A systematic, organized receptionist can curb client cancellations and no-shows before they become problems.
Operating in a Utopian world, your salon would run like a well-oiled machine. Clients would arrive as the previous client vacated the chair, and technicians never would need a break. There wouldn’t be any time to squeeze in emergency appointments, but then again, there wouldn’t be any nail emergencies.
For better or worse, this is not Utopia, and salons do get last-minute cancellations and no-shows. Although cancellations are unavoidable, when clients begin to take your service for granted, you lose their patronage, their money, and your patience. That’s where a well-trained receptionist can help eliminate many of the system’s glitches. “Our receptionist is the heartbeat of the salon,” says Sabrina Stahn, owner of Sabrina Salon of Nails (Minnetonka, Minn.). “We call her Major Tom.”
FIRST IMPRESSIONS COUNT
First and foremost, your receptionist must be cordial. If your clients can’t make it past the front desk without colliding with Ms. Confrontation or Ms. Grumpy, they’ll stop coming. Also, if a first-time caller is not answered by a courteous professional, she’ll hang up without even making an appointment.
“Receptionists do all that social butterfly stuff that, as an owner, you wish you could do if you had the time,” says Terri Taricco, owner of Nail Essentials (Swansea, Mass.). “But if you have your own clientele, as I do, you can’t.”
Betty Fitzmorris, receptionist at Thrillz (Rochester, N.Y.), says that a receptionist who spends some time chatting with the clientele as they enter or are about to leave the salon is a big plus. Similarly, Karla Borrelli, co-owner of Karla and Honeys Salon (W. Paterson, N.J.), says that a receptionist who makes a good first impression can actually bring in new business.
The key to booking appointments that will hold is organization. Stahn’s receptionist, Flora, always writes down a client’s name and phone number and asks how to spell the name and if the number is for work or home.
Incoming calls tend to slowdown between 2 p.m. and 4 p.m., and Flora takes this opportunity to call every client scheduled for an appointment the following day. “Some people verify and still don’t show up die next day,” admits Stahn, “but we have seen a drop in the number of no-shows.
“We watch new clients, standing-appointment clients who are scheduled on a day other than their regular slot, or an old client who is trying a new service. These are the people who are most likely to forget or get the time confused, so we call them first.”
Sharon Parker, owner of The Nail Detail (Tampa, Fla.), has her receptionist call first-time clients for confirmation, as they are typically the worst offenders because they have no loyalty to the salon. “Usually if it’s a no-show it’s a new client,” says Debbie Ciampi, owner of Viva Nails (Chicago). “What are you going to do, charge her? You can’t.”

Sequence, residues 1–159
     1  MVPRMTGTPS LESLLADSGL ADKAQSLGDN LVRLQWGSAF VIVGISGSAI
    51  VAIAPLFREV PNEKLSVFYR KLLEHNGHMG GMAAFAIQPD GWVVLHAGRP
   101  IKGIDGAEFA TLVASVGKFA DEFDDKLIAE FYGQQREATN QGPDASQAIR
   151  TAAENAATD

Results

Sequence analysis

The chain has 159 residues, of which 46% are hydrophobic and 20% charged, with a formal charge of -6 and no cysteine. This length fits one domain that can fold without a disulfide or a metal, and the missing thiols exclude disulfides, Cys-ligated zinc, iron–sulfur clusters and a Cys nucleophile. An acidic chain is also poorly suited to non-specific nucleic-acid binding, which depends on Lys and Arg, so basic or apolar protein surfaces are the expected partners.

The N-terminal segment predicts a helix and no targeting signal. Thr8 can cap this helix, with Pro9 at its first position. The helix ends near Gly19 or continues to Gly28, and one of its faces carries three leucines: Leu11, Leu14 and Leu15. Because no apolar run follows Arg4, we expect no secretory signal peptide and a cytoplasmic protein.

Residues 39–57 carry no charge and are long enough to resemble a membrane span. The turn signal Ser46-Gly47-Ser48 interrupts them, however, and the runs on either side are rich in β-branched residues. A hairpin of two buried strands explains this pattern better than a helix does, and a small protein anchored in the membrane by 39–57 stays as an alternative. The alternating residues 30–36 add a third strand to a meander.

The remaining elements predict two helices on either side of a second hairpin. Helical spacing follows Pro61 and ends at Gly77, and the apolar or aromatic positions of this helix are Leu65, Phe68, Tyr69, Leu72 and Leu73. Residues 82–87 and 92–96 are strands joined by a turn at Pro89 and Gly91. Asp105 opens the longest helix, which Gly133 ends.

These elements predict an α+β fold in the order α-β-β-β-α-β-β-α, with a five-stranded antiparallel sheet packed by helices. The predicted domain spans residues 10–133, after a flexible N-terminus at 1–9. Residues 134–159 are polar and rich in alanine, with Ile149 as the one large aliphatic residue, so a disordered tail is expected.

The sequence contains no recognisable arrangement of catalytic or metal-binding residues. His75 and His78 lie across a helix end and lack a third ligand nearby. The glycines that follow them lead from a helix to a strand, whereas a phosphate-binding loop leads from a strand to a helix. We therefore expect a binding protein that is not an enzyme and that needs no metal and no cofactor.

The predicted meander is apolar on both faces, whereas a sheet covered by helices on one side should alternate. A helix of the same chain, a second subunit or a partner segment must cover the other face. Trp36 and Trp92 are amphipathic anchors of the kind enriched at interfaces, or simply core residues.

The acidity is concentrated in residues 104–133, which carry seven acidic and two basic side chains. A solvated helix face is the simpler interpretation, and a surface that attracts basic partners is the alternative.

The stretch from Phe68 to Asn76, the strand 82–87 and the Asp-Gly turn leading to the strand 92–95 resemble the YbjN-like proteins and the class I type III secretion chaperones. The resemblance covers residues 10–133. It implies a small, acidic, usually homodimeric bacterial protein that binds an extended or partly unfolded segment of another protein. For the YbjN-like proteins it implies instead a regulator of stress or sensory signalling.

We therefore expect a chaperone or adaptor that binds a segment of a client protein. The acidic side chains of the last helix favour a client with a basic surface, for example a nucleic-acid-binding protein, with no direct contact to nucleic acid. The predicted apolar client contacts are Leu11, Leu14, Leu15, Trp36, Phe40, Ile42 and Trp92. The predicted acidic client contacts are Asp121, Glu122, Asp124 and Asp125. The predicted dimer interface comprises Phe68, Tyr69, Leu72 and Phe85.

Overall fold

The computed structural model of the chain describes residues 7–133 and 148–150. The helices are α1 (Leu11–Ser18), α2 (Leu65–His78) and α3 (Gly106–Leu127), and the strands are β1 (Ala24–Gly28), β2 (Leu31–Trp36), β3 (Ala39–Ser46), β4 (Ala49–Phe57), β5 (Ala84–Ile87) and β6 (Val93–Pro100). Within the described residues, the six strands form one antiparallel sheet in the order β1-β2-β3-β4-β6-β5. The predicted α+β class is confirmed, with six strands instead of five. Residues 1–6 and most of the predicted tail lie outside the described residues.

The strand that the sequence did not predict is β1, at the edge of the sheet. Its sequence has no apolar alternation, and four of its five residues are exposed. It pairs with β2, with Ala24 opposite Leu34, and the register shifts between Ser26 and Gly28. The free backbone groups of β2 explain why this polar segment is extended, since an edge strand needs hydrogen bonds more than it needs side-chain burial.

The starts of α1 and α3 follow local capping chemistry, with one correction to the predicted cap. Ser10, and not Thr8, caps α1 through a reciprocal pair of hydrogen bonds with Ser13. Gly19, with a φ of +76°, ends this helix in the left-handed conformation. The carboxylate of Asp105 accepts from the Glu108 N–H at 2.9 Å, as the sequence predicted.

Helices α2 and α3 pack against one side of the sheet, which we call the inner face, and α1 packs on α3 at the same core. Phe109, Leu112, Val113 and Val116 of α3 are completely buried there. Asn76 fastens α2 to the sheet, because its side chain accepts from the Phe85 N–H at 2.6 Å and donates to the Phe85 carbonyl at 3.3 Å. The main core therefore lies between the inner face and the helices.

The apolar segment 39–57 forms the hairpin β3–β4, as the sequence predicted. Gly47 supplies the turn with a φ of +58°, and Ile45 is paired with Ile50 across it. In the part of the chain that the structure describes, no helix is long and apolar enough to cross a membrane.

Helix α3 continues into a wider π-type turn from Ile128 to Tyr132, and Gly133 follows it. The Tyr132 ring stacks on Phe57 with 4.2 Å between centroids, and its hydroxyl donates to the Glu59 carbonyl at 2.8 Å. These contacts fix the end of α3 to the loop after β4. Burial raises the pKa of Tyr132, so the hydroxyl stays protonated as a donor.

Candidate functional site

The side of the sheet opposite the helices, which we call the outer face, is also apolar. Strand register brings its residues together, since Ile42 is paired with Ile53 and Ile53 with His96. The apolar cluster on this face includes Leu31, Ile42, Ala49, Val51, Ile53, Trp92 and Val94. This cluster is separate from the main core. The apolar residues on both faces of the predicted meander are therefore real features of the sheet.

Nail Essentials’ receptionists see that technicians fill out client cards after every visit and help keep addresses and phone numbers current. There is a list by the phone of clients who are hoping to squeeze in an appointment, and once a time opens the receptionist calls these people to fill it.
Many missed appointments are the results of simple misunderstandings. Fitzmorris reduces this problem by repeating the information she wrote in her book back to her client. For example, she’ll say, “Thank you very much, Mrs. Caine. We’ll see you on Monday, February 28 at 10:30 a.m.” Fitzmorris also puts an asterisk by names of repeat offenders and calls to remind them of their appointments.
Borrelli’s receptionist confirms each day’s appointments that morning, writes out appointment cards for clients who schedule their next visit as they’re leaving, and tries to reschedule a client’s appointment when she cancels.
Technician Vickie Sutton works with three other technicians at Your Nail Pros (Lilburn, Ga.). All three are self-employed and keep their own books. When she gets a cancellation, Sutton tries to work someone else into the slot or to find someone who can swap times with the client who needs to cancel. “It takes a little extra time, but clients appreciate it and it makes them more likely to call,” says Sutton. “It’s important to treat them as a person, not just a client, and to remain flexible.” When Sutton can’t fit a client in, she tries to squeeze her in with one of the other three technicians.
Stahn is reluctant to drive away even the worst offenders. For example, if a client is habitually late, her technician or receptionist will book her service for 15 minutes longer than usual. At times, however, Stahn finds that clients need some prodding. Stahn prefers to do this job herself rather than throwing this uncomfortable task at her receptionist. Stahn says to the client, “I really need you to be on time. You’re costing us a lot of money, and I know you don’t mean to do that, but I really need you to be consistent.”